Spend enough time in the company of people who own older homes with older basements and you might begin to dread the day your basement finally springs a leak.
Statistically speaking, you have a 60 percent chance of this happening to you.
Moisture in the basement is quite common for any number of reasons, only some of which you can control.
Luckily, there is a way to control basement waterproofing cost. When you learn the early warning signs your basement sends out to alert you to a moisture problem, you can act before the problem becomes a major repair and expense.
Prevention Is Cost-Effective!
If you are in the process of building a new home that will have a basement, you can build in eternal peace of mind by including full exterior or interior basement waterproofing as part of the job.
Taking a preventative approach may cost you a bit more now, but it can save you a bundle later and increase the potential resale value of your home when you are ready to sell.
Common Basement Moisture Issues and Their Causes
Here is a brief overview of the most commonly reported basement moisture issues and their likely causes.
This is particularly problematic with older homes. The basement is no spring chicken, and chances are good it has formed micro-fissures or cracks over the years.
Topography changes can worsen any structural degradation as the years pass. Changing water table levels, shifting soil, surrounding construction that re-routes or overburdens drainage systems and similar issues can also change how easily water finds its way into your basement.
When the ground shifts, this can wreak havoc with your home’s grading, causing water to flow back toward your foundation instead of away from it.
Failing sump pump
Sump systems, like all major equipment, have a time-sensitive useful life. Over time, your sump pump may struggle to keep up with the demands of its job.
We have all seen how global warming and climate change is also changing our weather patterns, often intensifying storms and increasing rainfall.
This in turn can create more water pressure (hydrostatic pressure) on your basement walls and foundation as water fights to find a way in, causing dampness, then seepage, then outright leaks and standing water.
Structural wear and tear
Whether you have a poured concrete foundation or a concrete brick foundation, natural settling and mortar degradation are two common reasons moisture or water finds its way inside your basement.
Window well drains that clog up or become compromised can cause nearly as much damage as an outright flood—those wells can hold a surprising amount of water that has nowhere else to go once the drain becomes blocked.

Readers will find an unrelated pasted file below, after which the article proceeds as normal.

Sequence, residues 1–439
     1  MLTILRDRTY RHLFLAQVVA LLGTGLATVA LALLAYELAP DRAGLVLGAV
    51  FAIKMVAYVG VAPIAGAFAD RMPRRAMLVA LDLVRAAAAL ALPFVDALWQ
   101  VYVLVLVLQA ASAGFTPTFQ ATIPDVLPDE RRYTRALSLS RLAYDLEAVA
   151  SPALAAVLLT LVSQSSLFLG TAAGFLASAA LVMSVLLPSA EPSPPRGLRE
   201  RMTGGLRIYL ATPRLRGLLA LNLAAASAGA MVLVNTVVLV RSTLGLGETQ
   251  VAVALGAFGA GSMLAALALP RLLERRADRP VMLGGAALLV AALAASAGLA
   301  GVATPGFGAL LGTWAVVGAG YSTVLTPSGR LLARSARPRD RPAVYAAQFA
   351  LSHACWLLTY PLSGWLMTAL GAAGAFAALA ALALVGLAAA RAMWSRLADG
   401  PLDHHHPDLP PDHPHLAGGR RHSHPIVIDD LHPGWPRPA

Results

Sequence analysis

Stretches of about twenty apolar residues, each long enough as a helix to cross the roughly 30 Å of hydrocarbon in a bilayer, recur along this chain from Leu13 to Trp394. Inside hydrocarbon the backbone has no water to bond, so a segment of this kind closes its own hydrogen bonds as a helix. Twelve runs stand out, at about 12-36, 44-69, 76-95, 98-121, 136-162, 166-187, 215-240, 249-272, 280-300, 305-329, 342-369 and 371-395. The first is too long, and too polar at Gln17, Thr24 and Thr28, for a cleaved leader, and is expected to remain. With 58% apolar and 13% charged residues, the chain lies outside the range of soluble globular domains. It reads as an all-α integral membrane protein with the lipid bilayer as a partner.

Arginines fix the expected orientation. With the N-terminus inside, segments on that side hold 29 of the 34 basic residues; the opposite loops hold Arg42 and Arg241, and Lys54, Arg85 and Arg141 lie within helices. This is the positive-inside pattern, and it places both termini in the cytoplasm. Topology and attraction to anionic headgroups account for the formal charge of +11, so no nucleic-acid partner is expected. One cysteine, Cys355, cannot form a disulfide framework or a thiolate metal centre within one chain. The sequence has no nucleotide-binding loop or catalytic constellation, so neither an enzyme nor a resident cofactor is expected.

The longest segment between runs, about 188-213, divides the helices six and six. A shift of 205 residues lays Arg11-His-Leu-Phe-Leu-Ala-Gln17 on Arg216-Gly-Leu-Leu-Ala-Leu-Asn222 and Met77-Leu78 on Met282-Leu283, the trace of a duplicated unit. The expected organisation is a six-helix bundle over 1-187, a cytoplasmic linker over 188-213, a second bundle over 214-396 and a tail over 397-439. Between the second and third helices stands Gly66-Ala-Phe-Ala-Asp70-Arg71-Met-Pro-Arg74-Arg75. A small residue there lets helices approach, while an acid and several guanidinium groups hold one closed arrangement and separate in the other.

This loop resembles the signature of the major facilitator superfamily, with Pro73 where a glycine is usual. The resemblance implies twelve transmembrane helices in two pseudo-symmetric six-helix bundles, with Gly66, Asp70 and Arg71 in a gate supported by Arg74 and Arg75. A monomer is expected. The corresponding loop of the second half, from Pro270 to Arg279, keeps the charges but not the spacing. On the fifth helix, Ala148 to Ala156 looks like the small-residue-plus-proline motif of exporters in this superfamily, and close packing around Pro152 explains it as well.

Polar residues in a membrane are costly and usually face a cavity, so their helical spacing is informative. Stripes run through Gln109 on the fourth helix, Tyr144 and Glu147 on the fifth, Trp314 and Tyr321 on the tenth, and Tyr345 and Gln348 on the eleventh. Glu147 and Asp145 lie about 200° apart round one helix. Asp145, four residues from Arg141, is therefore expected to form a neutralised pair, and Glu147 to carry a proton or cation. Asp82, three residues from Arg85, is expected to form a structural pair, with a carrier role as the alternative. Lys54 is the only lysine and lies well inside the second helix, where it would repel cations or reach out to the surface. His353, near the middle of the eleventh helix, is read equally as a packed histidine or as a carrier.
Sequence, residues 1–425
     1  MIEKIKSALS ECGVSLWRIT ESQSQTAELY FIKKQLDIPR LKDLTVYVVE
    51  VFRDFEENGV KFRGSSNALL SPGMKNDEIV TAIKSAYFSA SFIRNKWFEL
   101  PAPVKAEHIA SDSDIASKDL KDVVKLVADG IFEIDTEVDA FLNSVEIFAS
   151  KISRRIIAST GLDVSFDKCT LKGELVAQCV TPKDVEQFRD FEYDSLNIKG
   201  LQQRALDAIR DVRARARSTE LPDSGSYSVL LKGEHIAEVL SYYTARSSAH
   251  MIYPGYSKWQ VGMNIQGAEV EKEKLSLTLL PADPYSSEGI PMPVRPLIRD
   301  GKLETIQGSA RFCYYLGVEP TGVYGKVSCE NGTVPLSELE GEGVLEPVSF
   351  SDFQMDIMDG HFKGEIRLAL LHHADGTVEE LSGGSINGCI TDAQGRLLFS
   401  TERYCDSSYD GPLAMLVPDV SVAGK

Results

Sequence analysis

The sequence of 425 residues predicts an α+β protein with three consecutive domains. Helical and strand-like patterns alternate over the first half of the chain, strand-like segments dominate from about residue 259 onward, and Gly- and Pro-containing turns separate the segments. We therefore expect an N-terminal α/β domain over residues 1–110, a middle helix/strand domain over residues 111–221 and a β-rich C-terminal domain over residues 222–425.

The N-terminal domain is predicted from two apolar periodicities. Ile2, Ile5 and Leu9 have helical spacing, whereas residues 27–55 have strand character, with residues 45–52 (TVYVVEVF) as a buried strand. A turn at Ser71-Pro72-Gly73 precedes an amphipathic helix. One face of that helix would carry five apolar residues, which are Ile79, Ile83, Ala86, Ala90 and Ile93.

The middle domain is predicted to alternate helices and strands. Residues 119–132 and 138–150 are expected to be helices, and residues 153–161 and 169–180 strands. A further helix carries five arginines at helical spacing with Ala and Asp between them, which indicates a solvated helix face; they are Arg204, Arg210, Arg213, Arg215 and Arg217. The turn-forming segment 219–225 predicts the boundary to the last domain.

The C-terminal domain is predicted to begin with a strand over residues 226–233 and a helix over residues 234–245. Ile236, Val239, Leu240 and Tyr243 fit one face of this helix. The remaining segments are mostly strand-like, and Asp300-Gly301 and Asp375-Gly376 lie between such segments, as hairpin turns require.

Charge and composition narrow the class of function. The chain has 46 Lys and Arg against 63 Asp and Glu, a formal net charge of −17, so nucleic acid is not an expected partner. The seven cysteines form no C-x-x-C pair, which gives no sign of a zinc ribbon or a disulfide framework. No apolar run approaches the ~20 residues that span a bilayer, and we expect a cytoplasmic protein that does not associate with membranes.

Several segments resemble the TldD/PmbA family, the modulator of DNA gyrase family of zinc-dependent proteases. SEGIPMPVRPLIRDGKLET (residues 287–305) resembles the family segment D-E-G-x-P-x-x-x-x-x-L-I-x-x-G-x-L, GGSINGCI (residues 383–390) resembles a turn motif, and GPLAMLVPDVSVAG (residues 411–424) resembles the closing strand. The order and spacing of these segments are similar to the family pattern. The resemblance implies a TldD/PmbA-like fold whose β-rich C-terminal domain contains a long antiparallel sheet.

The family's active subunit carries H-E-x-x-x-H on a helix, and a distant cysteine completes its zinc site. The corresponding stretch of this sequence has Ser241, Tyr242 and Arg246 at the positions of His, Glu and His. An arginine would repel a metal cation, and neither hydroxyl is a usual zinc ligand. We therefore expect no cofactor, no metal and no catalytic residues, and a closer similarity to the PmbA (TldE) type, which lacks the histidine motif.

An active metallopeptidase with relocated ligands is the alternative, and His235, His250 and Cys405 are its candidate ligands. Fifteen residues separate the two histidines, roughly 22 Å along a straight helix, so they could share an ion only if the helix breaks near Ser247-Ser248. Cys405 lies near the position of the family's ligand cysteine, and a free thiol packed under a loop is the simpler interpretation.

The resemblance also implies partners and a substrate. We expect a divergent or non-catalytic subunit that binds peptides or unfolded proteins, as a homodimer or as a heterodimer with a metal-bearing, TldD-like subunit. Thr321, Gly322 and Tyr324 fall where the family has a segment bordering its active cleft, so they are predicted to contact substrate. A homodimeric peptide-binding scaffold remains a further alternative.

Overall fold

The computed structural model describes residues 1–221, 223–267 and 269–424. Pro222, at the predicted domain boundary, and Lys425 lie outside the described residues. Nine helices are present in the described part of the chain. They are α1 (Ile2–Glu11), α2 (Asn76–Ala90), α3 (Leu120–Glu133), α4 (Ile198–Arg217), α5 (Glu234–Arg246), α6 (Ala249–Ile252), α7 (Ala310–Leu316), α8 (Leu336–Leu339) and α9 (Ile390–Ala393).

Frozen drainage lines are another common reason why window wells, sump pumps and other protective systems can’t do their job of keeping water out of your basement space.
Control What You Can To Keep Water Out
Here are some things you can do to prevent moisture and water leaks in your basement.
Maintain your gutters, downspouts and drainage system
A well-maintained drainage system with effective downspouts and clean, clear gutters is better able to do its job of routing water away from your basement.
This includes maintaining window wells as best you can, access permitting.
Evaluate your landscaping and grading
Choosing the right landscaping and ensuring your grading is appropriately lower than your home’s foundation can prevent further basement moisture and lessen existing issues.
Install a backup sump pump
Whether your sump pump is brand-new, middle-aged or nearing its golden years, giving it a little extra support in the form of a back-up sump pump system can potentially save you thousands of dollars in basement flooding and mould clean-up and repair.
Installing a portable dehumidifier in your basement can extract excess moisture and prevent mould and mildew from forming. Installing exhaust vents where appropriate (especially if you do laundry in your basement) can also be a cost-effective preventative measure.
Insulating and sealing your basement
Adding insulation and sealing your basement floor, walls and ceiling can keep excess moisture out and aid in humidity and temperature balancing year-round.
Controlling Basement Waterproofing Cost
Basement waterproofing can be accomplished in a number of ways. There are both exterior and interior treatments.
Some treatments are permanent and preventative, while others are more like Band-Aids or stop-gap measures.
These variances can mean that gathering quotes from contractors quickly becomes an exercise in confusion and frustration.
When you get two or three quotes with vastly different pricing, chances are good this is because each contractor is recommending a different type of waterproofing treatment. This is when you want to sit down with someone knowledgeable and trustworthy who can help you sort through your options and select the best, most cost-effective treatment.
Exterior basement waterproofing is typically reserved for new construction or major structural issues that likely will also require other invasive repairs. When the recommended basement treatment comes with a major price tag (in the tens of thousands of dollars), you are likely looking at a quote for exterior waterproofing.
Interior basement waterproofing is generally recommended for an existing basement with ongoing issues with humidity, moisture, odour and minor leaks.
This service can often be done for as little as a third of the price of an exterior treatment, with the average nationwide fee ranging from $2,000 and up.
Higher quotes often include recommended repairs, such as repairing cracks, sealing leaks and improving drainage and downspouts.
Get in Touch
Are you concerned about moisture in your basement? We can help!
Contact us online or give us a call at 1-866-875-6664.